Snow, frost and cold temperatures may soon jeopardize what was supposed to be a record crop.
Progress on the harvest in Alberta ground to a halt two weeks ago with little to nothing being done in the fields since, and likely not much finished in the near future, according to Harry Brook, crop information specialist with Alberta Agriculture and Forestry (AAF).
“The problem is we are experiencing some average to below average temperatures and what farmers really need right now is days in the mid to high teens at least,” Brook said.
“The excessive amount of snow some portions of central Alberta received is still on the ground or covering the swath and as the days get shorter, the opportunities for drying those crops are getting less and less.”
In the region, about 40 per cent of the overall harvest is still in the field — either swathed or still standing — with Brook stating the eastern side of the region could see some harvesting going on soon if the slow drying trend continues for a few more days.
“The weather forecast is slightly more favourable, which could allow some farmers out east to get out and harvest because the snow on the swaths has melted and the ground is getting drier due to the wind being able to get at it,” he stated, adding much of the western side of the region has more snow due to more trees and other breaks that don’t allow for wind to get at the land very well.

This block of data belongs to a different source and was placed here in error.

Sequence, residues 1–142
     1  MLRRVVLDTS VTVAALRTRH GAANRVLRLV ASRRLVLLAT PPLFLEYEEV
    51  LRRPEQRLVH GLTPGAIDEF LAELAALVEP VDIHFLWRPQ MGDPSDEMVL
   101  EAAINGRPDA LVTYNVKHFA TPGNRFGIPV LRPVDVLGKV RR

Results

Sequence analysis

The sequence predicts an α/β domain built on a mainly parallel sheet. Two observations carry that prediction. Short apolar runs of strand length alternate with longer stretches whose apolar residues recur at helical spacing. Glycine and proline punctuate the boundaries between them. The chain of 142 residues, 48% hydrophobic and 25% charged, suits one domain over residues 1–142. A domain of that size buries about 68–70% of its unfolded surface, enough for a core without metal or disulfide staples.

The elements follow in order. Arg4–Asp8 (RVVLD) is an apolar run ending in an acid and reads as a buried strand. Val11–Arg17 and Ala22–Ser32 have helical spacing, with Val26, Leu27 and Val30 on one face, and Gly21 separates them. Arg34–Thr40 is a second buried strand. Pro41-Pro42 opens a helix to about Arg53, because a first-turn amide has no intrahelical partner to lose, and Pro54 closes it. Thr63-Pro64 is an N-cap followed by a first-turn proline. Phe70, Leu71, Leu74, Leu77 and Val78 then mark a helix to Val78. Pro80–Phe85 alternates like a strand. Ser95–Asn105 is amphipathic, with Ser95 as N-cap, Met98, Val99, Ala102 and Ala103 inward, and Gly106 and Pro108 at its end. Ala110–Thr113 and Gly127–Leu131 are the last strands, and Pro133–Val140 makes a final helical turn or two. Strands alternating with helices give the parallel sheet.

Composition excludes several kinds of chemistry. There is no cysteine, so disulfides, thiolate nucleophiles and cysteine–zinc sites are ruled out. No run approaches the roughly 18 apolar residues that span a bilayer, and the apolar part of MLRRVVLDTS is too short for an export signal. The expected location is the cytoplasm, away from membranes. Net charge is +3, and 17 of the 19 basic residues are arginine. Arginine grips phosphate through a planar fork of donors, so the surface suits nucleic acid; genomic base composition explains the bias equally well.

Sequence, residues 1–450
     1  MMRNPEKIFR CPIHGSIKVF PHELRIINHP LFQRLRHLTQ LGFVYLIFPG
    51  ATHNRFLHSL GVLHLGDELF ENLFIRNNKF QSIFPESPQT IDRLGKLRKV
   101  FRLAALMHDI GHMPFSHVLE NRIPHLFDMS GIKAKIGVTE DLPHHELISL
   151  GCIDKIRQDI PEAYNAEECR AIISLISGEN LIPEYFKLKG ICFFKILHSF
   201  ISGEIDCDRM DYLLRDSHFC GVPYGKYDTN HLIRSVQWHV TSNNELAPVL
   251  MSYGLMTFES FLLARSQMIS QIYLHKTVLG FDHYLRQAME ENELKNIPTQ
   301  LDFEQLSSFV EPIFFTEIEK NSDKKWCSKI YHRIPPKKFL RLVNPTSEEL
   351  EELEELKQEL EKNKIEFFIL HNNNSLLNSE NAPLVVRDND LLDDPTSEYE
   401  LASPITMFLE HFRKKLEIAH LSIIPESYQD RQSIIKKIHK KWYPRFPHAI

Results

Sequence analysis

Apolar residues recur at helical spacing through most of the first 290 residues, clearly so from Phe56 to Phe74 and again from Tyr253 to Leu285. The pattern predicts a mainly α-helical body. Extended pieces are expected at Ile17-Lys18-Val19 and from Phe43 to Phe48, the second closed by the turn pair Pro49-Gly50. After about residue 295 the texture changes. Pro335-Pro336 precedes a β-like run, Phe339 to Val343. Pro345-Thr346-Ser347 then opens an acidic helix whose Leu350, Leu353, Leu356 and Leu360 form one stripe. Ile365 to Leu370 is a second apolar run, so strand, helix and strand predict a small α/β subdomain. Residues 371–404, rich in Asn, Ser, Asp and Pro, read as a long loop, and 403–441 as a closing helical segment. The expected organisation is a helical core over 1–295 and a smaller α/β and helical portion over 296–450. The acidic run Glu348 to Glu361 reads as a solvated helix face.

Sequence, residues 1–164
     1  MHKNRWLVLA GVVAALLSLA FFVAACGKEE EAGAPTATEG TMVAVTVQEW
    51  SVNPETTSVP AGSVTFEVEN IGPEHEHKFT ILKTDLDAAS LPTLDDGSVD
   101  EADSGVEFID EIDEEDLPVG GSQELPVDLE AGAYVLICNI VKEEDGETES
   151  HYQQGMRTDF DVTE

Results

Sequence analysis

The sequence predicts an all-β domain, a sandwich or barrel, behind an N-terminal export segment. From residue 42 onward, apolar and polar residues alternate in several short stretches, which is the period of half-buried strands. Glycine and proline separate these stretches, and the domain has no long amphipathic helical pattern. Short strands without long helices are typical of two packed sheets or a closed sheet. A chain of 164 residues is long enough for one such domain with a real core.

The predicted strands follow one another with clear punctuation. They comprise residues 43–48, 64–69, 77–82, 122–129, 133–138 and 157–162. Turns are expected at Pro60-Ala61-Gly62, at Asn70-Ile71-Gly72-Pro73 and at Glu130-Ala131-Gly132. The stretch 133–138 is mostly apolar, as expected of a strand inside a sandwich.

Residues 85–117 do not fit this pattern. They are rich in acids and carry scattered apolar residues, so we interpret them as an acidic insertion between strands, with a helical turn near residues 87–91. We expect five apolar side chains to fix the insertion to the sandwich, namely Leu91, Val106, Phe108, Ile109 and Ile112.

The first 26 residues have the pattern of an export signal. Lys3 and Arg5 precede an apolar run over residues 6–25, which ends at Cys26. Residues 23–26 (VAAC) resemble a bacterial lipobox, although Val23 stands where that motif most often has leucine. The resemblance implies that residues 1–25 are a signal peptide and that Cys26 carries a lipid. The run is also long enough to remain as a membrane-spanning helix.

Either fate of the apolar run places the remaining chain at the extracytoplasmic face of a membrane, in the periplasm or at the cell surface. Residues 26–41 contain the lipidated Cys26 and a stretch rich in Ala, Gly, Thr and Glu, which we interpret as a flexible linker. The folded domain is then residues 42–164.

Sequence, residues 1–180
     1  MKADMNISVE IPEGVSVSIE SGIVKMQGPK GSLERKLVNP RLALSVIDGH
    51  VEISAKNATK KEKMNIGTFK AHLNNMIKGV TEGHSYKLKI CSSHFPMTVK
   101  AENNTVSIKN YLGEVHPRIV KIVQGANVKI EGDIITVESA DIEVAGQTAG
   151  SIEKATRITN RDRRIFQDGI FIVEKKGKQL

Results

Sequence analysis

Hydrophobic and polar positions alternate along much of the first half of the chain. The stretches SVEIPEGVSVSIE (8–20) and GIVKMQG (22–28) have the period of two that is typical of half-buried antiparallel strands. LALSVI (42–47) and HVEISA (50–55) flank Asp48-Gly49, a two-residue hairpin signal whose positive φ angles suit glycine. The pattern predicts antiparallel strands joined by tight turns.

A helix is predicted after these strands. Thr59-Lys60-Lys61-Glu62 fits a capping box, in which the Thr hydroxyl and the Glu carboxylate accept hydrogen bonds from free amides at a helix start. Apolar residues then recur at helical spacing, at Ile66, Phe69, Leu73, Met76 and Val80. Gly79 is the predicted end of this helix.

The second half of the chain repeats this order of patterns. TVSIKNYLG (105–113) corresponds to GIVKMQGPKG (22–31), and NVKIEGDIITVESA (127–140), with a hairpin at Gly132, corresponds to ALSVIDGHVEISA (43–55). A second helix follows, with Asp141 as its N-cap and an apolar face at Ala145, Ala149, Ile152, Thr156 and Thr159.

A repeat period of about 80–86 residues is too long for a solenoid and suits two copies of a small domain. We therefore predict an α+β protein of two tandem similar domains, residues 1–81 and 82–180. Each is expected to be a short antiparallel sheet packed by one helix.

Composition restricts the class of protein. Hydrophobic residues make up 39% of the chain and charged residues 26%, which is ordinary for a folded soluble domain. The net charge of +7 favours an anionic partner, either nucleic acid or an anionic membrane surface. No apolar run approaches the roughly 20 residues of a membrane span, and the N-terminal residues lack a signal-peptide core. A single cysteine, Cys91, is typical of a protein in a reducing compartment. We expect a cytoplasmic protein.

“I think you will see producers, especially those with canola still standing, try to get out to harvest because you simply can’t afford to lose a crop that’s so expensive to get in the ground. Even at moisture levels of 13 or 14 per cent, with the temperatures we are seeing now you can safely store canola for about 60 days and that will leave farmers with enough time to dry what they have in the bin.”
Brook explained that even cereal crops could come off and be stored safely for a time at around 17 or 18 per cent and then dried.
“Those crops are going to worth far more now, even after having the expense of drying it, than leaving it over the winter and it being worth nothing come spring. That happened five years ago and most of it was left worthless,” he said.
“The markets are already anticipating that much of the predicted record harvest for this year won’t be coming in, so prices have been starting to climb.”
There have been reports that farmers have been encouraged to bring in some crops that are excessively wet, meaning 20 per cent or more moisture, but Brook believes those are likely one-offs and due mainly to elevator companies needing product to fulfill their contracts.
“What would be good for everyone is if a chinook was strong enough to make its way this far north, then they could get the crops into the bin, since the longer they remain in the field, the greater the risk there is that farmers could lose it all,” he added.